Date of Award

2003

Level of Access

Open-Access Dissertation

Degree Name

Doctor of Education (EdD)

Department

Individually Designed

Advisor

William E. Davis

Second Committee Member

Walter J. Harris

Third Committee Member

Dorothy T. Breen

Abstract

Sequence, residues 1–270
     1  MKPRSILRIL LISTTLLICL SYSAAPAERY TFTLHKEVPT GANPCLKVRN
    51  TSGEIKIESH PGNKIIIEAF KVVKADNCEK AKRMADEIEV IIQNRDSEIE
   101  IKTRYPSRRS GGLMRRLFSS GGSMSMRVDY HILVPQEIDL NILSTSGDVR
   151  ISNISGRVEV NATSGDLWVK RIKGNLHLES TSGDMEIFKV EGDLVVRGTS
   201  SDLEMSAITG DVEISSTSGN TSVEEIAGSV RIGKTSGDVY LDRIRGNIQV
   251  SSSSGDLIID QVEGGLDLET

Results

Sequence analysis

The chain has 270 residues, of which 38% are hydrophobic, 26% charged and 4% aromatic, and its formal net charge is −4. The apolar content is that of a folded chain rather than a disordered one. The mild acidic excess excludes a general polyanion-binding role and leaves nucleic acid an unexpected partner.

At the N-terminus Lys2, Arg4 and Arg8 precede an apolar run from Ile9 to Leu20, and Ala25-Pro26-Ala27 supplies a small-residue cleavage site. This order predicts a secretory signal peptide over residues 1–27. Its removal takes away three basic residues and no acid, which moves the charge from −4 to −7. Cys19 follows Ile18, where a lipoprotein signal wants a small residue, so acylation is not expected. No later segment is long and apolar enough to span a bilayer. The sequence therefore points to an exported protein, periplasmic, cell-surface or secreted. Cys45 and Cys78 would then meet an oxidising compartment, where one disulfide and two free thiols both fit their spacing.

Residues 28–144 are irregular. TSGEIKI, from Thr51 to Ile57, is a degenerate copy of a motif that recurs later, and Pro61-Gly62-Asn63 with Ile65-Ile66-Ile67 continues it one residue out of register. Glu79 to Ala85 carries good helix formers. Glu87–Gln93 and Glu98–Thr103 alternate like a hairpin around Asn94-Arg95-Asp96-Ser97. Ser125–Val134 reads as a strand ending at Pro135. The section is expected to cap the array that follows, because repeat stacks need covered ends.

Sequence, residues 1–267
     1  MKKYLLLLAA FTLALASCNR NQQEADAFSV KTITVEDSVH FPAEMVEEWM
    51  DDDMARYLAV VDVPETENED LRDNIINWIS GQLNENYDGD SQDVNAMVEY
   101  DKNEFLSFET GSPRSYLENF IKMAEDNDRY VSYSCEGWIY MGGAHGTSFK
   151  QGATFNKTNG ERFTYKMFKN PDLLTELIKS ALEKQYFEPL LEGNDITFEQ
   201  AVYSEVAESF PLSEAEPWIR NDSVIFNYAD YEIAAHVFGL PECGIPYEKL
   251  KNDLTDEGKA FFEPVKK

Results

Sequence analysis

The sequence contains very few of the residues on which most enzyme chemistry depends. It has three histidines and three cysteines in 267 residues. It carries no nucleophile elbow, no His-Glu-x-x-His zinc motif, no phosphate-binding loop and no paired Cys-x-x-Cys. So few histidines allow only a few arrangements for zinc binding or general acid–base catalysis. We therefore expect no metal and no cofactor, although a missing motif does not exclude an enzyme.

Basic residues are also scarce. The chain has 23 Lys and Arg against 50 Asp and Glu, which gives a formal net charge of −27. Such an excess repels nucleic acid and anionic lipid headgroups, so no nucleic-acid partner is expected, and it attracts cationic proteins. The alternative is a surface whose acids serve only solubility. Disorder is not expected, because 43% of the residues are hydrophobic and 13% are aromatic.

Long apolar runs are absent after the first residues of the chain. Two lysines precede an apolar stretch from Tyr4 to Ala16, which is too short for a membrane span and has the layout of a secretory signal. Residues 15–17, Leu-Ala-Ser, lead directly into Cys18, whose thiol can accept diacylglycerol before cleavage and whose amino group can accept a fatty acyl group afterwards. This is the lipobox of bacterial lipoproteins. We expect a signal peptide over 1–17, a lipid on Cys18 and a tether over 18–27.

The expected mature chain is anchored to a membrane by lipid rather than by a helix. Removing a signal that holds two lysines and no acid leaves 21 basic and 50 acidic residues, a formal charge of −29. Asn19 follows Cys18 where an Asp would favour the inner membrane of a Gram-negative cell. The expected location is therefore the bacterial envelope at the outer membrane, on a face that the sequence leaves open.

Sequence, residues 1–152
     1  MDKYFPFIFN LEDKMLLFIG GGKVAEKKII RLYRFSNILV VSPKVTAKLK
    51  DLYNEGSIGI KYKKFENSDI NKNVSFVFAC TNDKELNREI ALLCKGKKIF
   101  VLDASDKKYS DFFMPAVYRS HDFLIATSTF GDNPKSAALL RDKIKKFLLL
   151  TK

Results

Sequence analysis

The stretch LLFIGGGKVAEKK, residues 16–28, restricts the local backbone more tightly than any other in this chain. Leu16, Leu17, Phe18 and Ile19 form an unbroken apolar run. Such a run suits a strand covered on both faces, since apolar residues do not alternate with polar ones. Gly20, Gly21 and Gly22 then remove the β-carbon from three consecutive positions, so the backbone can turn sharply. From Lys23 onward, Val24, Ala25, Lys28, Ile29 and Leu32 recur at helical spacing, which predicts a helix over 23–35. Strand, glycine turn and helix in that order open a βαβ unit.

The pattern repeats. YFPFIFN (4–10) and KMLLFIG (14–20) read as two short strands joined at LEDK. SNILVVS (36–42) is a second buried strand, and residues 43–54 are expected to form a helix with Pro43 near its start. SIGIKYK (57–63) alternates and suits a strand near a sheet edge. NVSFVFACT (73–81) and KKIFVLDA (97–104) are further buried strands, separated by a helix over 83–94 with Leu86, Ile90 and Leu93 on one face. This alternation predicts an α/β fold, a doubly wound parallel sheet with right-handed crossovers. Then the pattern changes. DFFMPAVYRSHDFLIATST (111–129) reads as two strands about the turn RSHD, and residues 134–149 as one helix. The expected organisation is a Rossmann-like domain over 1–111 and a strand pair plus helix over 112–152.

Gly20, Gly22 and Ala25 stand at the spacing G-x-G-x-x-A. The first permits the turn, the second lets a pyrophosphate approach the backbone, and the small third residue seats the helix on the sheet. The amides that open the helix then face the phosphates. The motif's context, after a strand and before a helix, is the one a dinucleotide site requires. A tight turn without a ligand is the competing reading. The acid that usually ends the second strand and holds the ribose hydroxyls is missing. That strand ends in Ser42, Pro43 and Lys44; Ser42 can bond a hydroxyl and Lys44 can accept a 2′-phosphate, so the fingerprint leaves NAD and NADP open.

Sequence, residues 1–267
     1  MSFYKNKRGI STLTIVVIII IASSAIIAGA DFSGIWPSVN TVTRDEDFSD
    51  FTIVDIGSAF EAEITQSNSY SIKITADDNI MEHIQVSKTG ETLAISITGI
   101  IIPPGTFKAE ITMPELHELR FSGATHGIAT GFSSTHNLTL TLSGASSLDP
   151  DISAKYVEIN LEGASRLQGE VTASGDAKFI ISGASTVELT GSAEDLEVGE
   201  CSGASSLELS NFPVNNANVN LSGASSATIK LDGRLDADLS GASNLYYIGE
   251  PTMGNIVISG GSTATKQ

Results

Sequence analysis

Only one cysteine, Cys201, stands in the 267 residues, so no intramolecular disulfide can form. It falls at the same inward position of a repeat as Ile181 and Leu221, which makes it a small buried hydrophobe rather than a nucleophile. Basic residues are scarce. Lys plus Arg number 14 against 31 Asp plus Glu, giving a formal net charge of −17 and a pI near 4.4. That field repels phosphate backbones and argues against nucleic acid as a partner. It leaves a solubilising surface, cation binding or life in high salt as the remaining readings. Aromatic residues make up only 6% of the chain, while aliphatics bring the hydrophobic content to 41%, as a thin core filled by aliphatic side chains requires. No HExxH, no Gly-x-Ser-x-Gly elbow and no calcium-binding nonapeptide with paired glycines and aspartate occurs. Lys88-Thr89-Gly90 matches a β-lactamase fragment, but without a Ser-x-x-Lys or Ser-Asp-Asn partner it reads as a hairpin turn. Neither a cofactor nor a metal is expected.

The Perceived Attributes to Positive Self-concept Study examined the experiences of adolescents with learning disabilities to determine the ways in which living with a disability may have shaped their development of a positive self-concept. This study considered the perceptions held by adolescents themselves, their parents, and their teachers as valuably contributing to their own development of a positive self-concept. The research questions for the study included: "How does the experience of living with a disability affect the perceptions of adolescents with learning disabilities held by themselves, their parents and their . teachers? " "How do the experiences of living with a disability influence the self-concept development of adolescents with learning disabilities?" "Which of the experiences of living with a disability do these adolescents, their parents and their teachers perceive as influencing positive self-concept development?" "What other factors (for example, personal support or perceived control) contribute to the development of positive self-concept in adolescents with learning disabilities?" "How are perceptions of self-concept among these special needs youth, their parents and their teachers different from the standard definition of global self-concept?" The research sample included 6 adolescent males with learning disabilities between the ages of 16 and 19 who had received special education services during high school. Both self-selected criteria along with the results of a standard self-concept scale were used to substantiate the presence of a positive self-concept in these individuals. This study employed a multi-case study design and used a range of data collection techniques including in-depth interviewing, case records, field notes, and anecdotal reporting. Among the major findings were a number of factors involved in the developmental processes reflected in dimensions deemed critical to self-evaluations of youth with learning disabilities at this stage of their lives. Three factors that were perceived to have the strongest impact on their positive self-concepts: determination to become adults; confidence in reaching their personal goals; and encouragement, support and love from parents. The range of forces identified as influences on self-concept for this group of youth with learning disabilities include several closely linked factors to self-efficacy beliefs, perceived control and outcome expectations which are associated with motivation to learn and self-determination in youth with cognitive disabilities.

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